College Sports

Columbia helps prove March Madness ‘doesn’t have to be (in NC) every single year’

Mike DeCourcy has been covering college basketball so long and so closely that when he drove into Irmo this week, his first thought was “BJ McKie was from here.”

Until this weekend, DeCourcy, a college basketball columnist for Sporting News, hadn’t covered a college basketball game in Columbia since McKie played for South Carolina. That changed Friday when the NCAA Tournament made its first appearance in Columbia since 1970.

“I don’t want to insult the town but when I drove in it was a couple of office buildings, a Hardee’s and a gas station. I came back and I’m like, ‘This is not the place I was at before,’ ” DeCourcy said. “The development that has happened around here, I don’t know what you call the district down here (the Vista), it’s phenomenal.”

DeCourcy was happy for March Madness’ return to the Palmetto State for a reason beyond just the changing complexion of the capital city.

“I get that (North Carolinians) love the game, and I get that they have four great venues, but come on, it doesn’t have to be there every year,” said DeCourcy, who is covering his 32nd NCAA Tournament this year. “There are more than four cities in the East and the South. I have complained about that for a long time. There are other places to have it. I love the state of North Carolina, but it shouldn’t be there every single year, so it’s great that a place like this gets a shot.”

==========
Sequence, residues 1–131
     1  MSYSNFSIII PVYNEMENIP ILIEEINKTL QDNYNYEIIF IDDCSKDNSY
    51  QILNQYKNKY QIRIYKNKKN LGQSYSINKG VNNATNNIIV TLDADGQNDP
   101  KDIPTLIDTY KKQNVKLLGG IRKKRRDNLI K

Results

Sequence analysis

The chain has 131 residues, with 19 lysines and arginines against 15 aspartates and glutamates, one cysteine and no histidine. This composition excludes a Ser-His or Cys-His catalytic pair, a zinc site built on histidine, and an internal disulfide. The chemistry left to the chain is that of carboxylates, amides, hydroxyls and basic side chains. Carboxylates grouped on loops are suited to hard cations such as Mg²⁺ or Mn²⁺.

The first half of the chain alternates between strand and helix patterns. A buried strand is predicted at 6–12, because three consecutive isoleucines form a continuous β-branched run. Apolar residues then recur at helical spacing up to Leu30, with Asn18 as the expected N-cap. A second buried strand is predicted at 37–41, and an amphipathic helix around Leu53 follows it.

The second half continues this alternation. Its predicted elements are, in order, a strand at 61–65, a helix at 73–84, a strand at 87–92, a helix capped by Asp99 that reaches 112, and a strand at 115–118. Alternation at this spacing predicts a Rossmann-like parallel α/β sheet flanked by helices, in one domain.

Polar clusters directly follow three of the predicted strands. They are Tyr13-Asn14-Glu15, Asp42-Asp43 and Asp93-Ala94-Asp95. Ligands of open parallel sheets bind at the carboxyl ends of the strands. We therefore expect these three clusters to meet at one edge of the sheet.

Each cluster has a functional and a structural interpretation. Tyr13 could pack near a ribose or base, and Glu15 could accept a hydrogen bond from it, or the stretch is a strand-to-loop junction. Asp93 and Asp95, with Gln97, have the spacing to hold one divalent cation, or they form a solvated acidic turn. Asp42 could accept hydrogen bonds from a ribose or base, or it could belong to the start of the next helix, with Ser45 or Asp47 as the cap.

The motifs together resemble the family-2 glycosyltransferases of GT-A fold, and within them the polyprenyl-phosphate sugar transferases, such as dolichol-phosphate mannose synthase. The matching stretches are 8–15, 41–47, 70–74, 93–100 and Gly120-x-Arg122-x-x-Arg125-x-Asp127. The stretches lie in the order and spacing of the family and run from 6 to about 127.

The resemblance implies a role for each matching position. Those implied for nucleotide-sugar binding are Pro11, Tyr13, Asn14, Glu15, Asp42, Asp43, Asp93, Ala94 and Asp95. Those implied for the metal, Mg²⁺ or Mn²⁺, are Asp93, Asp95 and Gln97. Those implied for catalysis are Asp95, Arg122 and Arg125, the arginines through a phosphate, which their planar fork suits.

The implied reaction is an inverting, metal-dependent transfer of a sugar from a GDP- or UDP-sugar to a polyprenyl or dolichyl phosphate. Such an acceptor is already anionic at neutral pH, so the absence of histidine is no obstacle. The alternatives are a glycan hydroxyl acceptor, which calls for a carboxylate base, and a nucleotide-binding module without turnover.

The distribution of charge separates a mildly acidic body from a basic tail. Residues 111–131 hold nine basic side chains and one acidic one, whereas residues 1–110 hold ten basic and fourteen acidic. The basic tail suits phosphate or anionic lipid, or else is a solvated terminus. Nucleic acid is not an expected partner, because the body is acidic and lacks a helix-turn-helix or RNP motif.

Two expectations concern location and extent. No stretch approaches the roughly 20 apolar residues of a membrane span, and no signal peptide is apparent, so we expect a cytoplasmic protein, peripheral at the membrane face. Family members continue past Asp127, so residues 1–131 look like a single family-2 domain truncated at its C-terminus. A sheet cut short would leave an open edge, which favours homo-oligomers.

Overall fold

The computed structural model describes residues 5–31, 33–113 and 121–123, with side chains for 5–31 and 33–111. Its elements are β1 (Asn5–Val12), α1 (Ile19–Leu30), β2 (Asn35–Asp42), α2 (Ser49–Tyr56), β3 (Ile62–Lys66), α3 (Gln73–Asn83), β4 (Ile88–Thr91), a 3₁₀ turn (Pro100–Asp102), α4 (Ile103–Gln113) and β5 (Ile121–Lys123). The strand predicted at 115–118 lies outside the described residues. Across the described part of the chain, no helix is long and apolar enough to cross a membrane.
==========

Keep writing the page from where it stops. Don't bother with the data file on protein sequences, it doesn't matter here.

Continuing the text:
The state of South Carolina is getting that shot this year because it finally stopped shooting itself in the foot. From 2001-2015, the NCAA refused to host any predetermined championship sites in the state because of the Confederate flag flying on the State House grounds.

The flag came down in 2015.

“The second it came down, the NCAA said, ‘You’re back on our radar. The soonest we can get back there, we are coming,’ ” said USC president Harris Pastides, who in 2015 was serving as chairman of the NCAA’s board of directors.

The return came this year in dramatic fashion as home state product and Duke All-ACC freshman Zion Williamson headlined an eight-team lineup that featured the No. 1 seeded Blue Devils, No. 1 seed Virginia, Oklahoma, UCF, VCU, Ole Miss, Gardner-Webb and North Dakota State.

The Colonial Life Arena portion of March Madness concluded Sunday night as Duke beat UCF 77-76 to advance to the Sweet Sixteen in the East Region, and Virginia and Oklahoma played in the late game.

The 575 media credentialed for the event were at least 100 more than the average for first and second round sites, according to an NCAA representative, and the combined attendance for the three sessions was 47,968.

USC will attempt to get the tournament back to Columbia “as soon as possible,” Pastides said.

The earliest the event could return to Columbia is 2023. Tournament game sites have been scheduled through the 2022 event. First and second round games will be held in Greenville in 2022.

“They promised they would come here as often as they could, Columbia, Greenville. They love to come South Carolina,” Pastides said. “We’ve always been a great basketball town. Now we have a great arena, great marketing.”

Columbia also has the endorsement of one high-profile coach.

“By the way,” Duke coach Mike Krzyzewski said as his postgame news conference concluded, “just thank you to the city of Columbia. Wow. What a beautiful city.”